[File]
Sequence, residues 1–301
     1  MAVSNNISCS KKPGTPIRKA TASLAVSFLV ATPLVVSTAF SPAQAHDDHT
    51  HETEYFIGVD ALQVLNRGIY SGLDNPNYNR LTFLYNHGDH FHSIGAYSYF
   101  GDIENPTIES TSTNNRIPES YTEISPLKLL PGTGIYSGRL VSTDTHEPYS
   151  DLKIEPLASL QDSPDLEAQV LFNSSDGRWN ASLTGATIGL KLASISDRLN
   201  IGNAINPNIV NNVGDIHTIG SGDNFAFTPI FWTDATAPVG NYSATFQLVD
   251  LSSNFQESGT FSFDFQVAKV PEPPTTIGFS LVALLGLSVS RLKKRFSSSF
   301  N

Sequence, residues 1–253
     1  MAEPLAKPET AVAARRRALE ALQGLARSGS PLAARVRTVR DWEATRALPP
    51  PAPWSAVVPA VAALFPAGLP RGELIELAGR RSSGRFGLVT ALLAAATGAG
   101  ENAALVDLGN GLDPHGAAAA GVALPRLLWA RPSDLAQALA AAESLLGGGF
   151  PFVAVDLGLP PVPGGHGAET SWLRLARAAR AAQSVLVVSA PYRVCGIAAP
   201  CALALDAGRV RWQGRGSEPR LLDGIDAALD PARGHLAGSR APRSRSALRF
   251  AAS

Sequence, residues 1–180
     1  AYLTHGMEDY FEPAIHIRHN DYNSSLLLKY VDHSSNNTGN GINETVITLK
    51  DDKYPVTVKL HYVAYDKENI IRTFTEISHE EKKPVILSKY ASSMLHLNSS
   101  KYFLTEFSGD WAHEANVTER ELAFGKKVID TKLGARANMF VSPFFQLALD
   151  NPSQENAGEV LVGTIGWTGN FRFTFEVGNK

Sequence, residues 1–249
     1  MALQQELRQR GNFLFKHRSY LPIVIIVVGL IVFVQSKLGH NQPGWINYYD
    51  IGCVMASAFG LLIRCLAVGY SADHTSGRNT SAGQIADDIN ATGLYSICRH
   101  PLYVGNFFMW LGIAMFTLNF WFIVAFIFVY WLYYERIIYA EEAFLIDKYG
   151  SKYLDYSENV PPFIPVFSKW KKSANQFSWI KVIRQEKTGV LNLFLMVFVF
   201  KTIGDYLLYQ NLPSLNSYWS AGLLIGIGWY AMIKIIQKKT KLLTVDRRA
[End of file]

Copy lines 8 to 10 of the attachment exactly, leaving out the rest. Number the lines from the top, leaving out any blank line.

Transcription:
   301  N

Sequence, residues 1–253
     1  MAEPLAKPET AVAARRRALE ALQGLARSGS PLAARVRTVR DWEATRALPP